"Mortimer Adler came to the University of Dubuque sometime in the 1970s as part of a lecture tour on 'How To Think about God'. Subsequently he published a book on the subject in which the first part claimed to be based on Anselm and the second part (which someone failed to proofread) based on Aquinas. Overall the book was actually not all that great, but the point of the first part captured the situation exactly. If we are to think clearly about God, we must indeed think of God as existing actually and not merely in thought. But clear thinking on our part is not sufficient to prove, even in the unique case of God, that God actually exists. For that, appeal must be made to the nature of actual existence, whence, if at all, some proof or other might be derived.
"Descartes, as mentioned above, later would compare the situation to that of a triangle. Existence is to God as having three sides and three angles is to a triangle. As we cannot think of a triangle unless we think of it as having three sides and three angles, so we cannot think of God unless we think of God as actually existing. But this argument makes the point of Adler and Aquinas, not the one Descartes or Anselm before him hoped to make.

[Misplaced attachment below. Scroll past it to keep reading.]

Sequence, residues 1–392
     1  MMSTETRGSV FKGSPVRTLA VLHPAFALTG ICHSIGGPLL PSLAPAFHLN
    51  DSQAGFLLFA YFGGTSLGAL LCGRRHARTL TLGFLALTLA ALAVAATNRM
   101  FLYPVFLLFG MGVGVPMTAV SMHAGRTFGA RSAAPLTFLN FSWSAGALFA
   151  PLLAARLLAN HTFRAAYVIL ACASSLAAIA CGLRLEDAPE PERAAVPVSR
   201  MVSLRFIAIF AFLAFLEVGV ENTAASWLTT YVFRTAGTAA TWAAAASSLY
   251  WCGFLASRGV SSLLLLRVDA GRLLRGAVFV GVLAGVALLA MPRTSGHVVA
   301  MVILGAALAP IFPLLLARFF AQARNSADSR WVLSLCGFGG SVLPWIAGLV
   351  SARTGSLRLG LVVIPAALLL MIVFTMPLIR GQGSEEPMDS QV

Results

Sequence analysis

#being #god #MortimerAdler
John Blades on A Guidebook to Learning: For the Lifelong Pursuit of Wisdom (1986), by Mortimer J. Adler, and the author's writing process, at The Chicago Tribune. [link fixed -ed.]
"Having just published [book] No. 39, Adler seems to have refined the art of writing books to a mathematical science. As he explains his working method: